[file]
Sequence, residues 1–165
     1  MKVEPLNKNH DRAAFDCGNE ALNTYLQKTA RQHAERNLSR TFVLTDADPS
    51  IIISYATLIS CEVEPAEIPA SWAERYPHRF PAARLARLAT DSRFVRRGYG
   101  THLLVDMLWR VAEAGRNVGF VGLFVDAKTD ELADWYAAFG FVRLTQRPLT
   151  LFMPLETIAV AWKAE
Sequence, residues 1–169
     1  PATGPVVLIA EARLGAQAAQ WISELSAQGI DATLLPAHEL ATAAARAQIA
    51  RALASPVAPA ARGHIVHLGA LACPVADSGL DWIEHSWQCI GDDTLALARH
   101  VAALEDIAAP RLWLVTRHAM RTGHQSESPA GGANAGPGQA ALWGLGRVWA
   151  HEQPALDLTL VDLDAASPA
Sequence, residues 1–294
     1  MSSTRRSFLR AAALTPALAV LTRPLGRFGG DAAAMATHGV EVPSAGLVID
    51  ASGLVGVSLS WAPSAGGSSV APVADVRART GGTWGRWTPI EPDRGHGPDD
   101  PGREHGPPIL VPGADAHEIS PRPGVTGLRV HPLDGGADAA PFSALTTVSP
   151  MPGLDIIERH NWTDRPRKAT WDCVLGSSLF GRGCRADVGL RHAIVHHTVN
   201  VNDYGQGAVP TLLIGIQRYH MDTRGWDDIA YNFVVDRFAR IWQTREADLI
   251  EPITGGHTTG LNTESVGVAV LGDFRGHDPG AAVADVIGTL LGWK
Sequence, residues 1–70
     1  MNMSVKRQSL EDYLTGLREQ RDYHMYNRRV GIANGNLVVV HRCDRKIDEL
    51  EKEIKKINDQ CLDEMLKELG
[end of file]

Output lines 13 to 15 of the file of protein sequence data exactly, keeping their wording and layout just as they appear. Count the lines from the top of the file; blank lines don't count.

    51  ASGLVGVSLS WAPSAGGSSV APVADVRART GGTWGRWTPI EPDRGHGPDD
   101  PGREHGPPIL VPGADAHEIS PRPGVTGLRV HPLDGGADAA PFSALTTVSP
   151  MPGLDIIERH NWTDRPRKAT WDCVLGSSLF GRGCRADVGL RHAIVHHTVN